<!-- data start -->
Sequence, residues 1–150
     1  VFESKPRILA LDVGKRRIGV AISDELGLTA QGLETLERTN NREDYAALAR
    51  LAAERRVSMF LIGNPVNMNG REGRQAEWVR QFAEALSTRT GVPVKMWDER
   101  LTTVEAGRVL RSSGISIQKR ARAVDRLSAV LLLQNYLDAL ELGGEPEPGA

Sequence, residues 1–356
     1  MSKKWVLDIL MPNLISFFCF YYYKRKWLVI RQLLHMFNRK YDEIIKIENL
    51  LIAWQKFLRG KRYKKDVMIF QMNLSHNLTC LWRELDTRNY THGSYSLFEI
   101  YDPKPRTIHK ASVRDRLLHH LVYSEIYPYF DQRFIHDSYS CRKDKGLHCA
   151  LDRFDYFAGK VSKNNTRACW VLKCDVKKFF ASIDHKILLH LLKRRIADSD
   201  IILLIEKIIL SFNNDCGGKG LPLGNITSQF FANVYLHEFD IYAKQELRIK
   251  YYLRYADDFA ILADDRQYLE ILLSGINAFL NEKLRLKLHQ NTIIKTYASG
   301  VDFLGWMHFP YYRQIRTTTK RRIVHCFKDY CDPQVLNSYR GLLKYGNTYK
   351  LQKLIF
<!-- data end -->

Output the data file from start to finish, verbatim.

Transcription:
Sequence, residues 1–150
     1  VFESKPRILA LDVGKRRIGV AISDELGLTA QGLETLERTN NREDYAALAR
    51  LAAERRVSMF LIGNPVNMNG REGRQAEWVR QFAEALSTRT GVPVKMWDER
   101  LTTVEAGRVL RSSGISIQKR ARAVDRLSAV LLLQNYLDAL ELGGEPEPGA

Sequence, residues 1–356
     1  MSKKWVLDIL MPNLISFFCF YYYKRKWLVI RQLLHMFNRK YDEIIKIENL
    51  LIAWQKFLRG KRYKKDVMIF QMNLSHNLTC LWRELDTRNY THGSYSLFEI
   101  YDPKPRTIHK ASVRDRLLHH LVYSEIYPYF DQRFIHDSYS CRKDKGLHCA
   151  LDRFDYFAGK VSKNNTRACW VLKCDVKKFF ASIDHKILLH LLKRRIADSD
   201  IILLIEKIIL SFNNDCGGKG LPLGNITSQF FANVYLHEFD IYAKQELRIK
   251  YYLRYADDFA ILADDRQYLE ILLSGINAFL NEKLRLKLHQ NTIIKTYASG
   301  VDFLGWMHFP YYRQIRTTTK RRIVHCFKDY CDPQVLNSYR GLLKYGNTYK
   351  LQKLIF